Turkey, US agree to set up Syria safe zone operation centre

Saturday, 10 Aug, 2019

Turkish and USA officials issued a statement in which they said they will set up "as soon as possible" a joint operations center that would be based in Turkey.

Turkey has for weeks been pressing to establish a 30-40km deep zone within Syria, seeking the removal of the YPG from the area and the destruction of their tunnels and fortifications.

In two previous military incursions, Turkey entered northwestern Syria, expelling Islamic State militants and Syrian Kurdish fighters from the area and setting up Turkish military posts there, with allied Syrian opposition fighters in control. In the past month, officials have also expressed impatience over talks with the U.S. regarding the safe zone.

"Syria's Kurds who have accepted to become a tool in this aggressive US-Turkish project bear a historical responsibility" the source added, urging Kurdish groups to return to the fold.

Heras said the goal for the United States was to prevent the destruction of the Syrian Democratic Forces, of which the YPG is the leading force, to ensure it remains the dominant player in northern and eastern Syria.

The talks are a last-minute attempt to prevent Turkish troops from invading Syria and begin an offensive against pro-U.S.

The database includes former Isis commander Isma'il Firas al-Abbar, who is now a brigade leader in the FSA operating in Afrin and former Isis fighter Basil Nayef al-Shehab, now a commander in the Sultan Murad division, which receives military equipment and training from Turkey. But the government in Ankara sees the YPG as a terrorist organization.

Syria has accused Turkey of "expansionist ambitions", saying Ankara's agreement with the U.S. to set up a so-called safe zone in the north east of the country only helps such plans and is a violation of Syria's sovereignty.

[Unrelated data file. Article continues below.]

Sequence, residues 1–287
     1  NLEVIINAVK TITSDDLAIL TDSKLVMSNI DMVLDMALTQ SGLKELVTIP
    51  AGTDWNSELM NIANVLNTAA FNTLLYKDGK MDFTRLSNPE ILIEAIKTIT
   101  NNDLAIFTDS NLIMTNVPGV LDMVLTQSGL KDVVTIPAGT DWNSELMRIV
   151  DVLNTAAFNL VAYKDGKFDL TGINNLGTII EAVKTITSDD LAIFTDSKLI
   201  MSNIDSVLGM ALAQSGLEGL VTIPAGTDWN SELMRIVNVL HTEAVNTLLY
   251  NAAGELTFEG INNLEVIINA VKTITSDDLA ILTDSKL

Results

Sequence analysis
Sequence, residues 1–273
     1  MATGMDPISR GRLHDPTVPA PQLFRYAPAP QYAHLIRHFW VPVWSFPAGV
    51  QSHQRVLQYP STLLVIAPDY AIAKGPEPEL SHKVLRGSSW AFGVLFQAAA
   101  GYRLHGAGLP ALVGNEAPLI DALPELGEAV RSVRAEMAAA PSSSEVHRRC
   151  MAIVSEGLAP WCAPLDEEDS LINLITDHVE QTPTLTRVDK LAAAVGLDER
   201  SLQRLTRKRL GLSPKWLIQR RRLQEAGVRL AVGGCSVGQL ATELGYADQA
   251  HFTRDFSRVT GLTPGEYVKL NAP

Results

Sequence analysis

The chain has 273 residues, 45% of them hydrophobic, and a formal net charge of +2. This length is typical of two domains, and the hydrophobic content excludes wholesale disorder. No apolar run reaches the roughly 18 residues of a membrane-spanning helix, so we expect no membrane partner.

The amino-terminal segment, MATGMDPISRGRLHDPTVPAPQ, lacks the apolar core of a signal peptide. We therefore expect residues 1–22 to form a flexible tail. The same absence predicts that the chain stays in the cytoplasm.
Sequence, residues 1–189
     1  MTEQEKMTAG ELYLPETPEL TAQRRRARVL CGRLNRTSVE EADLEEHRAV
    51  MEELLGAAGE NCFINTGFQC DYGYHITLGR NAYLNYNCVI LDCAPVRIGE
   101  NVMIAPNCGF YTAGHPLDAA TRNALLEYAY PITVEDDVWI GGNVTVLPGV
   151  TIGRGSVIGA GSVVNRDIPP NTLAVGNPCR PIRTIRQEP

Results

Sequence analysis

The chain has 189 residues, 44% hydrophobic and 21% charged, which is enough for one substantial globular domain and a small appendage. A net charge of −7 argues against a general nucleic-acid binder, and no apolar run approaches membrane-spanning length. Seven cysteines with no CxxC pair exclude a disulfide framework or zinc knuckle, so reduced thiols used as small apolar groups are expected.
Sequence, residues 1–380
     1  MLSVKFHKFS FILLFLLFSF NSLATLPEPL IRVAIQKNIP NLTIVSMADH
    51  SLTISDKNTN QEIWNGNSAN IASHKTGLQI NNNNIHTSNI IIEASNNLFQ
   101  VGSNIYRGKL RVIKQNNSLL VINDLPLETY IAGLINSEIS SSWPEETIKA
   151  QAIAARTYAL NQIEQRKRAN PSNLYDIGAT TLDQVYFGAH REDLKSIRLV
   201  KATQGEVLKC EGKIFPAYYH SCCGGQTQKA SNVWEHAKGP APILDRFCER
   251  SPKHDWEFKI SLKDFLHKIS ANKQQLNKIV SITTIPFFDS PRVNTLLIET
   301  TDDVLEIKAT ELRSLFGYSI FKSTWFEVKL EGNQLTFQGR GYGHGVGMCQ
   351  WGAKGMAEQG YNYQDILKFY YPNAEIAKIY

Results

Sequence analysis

Turkey accuses the YPG of being an offshoot of the Kurdistan Workers Party (PKK), which has been engaged in an armed insurgency against the Turkish state since 1978.

The deal was reached days after Turkish President Recep Tayyip Erdogan warned that the Turkish military was about to launch an assault on US -backed Kurdish forces in Syria, who were integral to the battlefield success against the terror group.

Eastern Euphrates and that region are largely controlled by the Kurdish forces with the presence of USA troops and military advisors.

Turkish and American military officials had been meeting in Ankara for several days when they reached the deal on Wednesday.

The minister also underlined that the US has to collect the weapons it delivered to the YPG.

The Manbij deal between Turkey and the US focuses on the withdrawal of YPG/PKK terrorists from the city to stabilize the region, which is located in the northern part of Syria's Aleppo province.

Renewed fighting in northwest Syria after a brief ceasefire has triggered "total panic", a top United Nations official said Thursday, warning that a possible regime offensive in the area was "like playing with fire". The area is now controlled by Turkish-backed Syrian rebels.

Turkish Defense Minister Hulusi Akar had threatened an attack earlier if a safe zone agreement feel through.